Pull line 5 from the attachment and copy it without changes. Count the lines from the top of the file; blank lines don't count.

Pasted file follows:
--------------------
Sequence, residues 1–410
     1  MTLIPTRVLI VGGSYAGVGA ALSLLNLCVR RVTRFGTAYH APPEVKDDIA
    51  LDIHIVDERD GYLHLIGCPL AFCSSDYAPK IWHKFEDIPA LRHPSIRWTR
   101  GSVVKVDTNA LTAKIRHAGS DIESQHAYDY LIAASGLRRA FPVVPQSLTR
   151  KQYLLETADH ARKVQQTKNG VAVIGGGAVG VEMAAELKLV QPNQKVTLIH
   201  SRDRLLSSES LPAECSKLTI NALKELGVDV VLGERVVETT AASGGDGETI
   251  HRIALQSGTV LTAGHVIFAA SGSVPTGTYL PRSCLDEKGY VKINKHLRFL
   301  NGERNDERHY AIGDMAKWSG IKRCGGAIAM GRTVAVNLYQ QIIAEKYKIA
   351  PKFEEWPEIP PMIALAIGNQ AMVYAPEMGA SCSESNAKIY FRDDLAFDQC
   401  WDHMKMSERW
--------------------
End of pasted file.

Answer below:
   151  KQYLLETADH ARKVQQTKNG VAVIGGGAVG VEMAAELKLV QPNQKVTLIH